Hall County and Gainesville emergency services and public safety officials are prepared for the next time a disaster rolls through the region.
Gainesville City Council members approved two disaster preparation plans Tuesday, just before today's 75th anniversary of the 1936 tornado that killed more than 200 people.
"The fire department has been around for a long time, and I think about what that anniversary reflects for the city and the firefighters at that time," Gainesville Fire Chief Jon Canada said. "Our men and women were out there in the aftermath, saving lives."
The Hall County Pre-Disaster Hazard Mitigation Plan and the Hall County Local Emergency Operation Plan are five-year updates that dictate how city and county services respond during a disaster.
"It includes Hall County and all the municipalities, what we do locally, who handles what, who is responsible for decisions and who the state and local emergency directors are," Canada said.
The 100-page documents coordinate county and city medical, fire and police units, as well as teams organized to handle transportation, communications, public works, public utilities, search and rescue, and hazardous materials.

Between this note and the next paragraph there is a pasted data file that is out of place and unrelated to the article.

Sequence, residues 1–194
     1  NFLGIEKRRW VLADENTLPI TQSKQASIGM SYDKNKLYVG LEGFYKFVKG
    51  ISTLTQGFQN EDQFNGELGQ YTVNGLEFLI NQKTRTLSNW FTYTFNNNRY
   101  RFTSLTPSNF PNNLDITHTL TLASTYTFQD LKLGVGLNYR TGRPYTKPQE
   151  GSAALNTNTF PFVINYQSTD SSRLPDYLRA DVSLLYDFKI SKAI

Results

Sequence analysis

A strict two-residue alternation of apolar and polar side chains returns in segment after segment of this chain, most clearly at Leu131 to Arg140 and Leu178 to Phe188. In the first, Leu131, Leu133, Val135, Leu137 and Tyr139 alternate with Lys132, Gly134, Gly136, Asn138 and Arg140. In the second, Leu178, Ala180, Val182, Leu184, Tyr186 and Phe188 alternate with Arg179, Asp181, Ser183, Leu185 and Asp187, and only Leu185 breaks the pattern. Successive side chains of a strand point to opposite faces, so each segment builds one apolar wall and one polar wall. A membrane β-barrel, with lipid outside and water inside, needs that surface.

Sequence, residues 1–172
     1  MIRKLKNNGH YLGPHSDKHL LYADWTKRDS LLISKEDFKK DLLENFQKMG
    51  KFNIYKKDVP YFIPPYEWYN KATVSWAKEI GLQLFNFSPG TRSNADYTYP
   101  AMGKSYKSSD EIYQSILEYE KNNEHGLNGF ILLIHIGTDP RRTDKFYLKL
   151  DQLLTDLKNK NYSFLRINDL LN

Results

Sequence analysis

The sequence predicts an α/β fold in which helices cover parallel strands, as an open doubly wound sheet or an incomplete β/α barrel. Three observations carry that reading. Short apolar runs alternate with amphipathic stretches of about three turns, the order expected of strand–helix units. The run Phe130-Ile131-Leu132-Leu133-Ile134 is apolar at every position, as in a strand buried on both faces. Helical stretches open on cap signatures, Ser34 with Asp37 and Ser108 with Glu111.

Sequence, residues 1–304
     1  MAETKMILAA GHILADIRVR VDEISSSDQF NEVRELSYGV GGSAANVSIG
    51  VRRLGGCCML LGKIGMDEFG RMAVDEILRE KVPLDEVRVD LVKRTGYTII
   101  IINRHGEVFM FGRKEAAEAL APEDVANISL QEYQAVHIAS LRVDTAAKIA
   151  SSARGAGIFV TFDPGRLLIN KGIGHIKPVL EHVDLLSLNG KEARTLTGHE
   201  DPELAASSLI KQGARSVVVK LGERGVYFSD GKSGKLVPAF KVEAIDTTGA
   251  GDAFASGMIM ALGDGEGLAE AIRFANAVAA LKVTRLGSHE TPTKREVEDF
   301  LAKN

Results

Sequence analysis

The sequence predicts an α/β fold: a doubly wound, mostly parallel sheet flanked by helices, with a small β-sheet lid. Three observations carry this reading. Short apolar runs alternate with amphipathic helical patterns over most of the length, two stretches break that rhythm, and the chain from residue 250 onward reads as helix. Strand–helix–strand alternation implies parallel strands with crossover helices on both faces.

"These are generic all-hazard plans that help with a tornado, flood or huge fire," said David Kimbrell, Hall County fire chief and director of Hall County's Emergency Management Agency. "Each of those events involve an evacuation piece and include law enforcement, school systems and transportation, as well as our emergency operations center and any government agencies that would come in to give aid."
The hazard mitigation plan identifies any facilities or roadways that are more prone to hazardous conditions during a disaster, such as unstable buildings or flood plains. It also includes areas that could act as possible shelters.
"We've had this plan in place for quite some time, and it works well, but we update the basic framework to include current personnel, equipment and resources," Kimbrell said.
The plans are also required for federal disaster recovery funds.
"These are multipurpose plans for designating who is responsible," Kimbrell said. "For example, the snow in January was not a disaster but an inconvenience because the roads were slick. But we still used the same thinking and organization as we would for a larger emergency."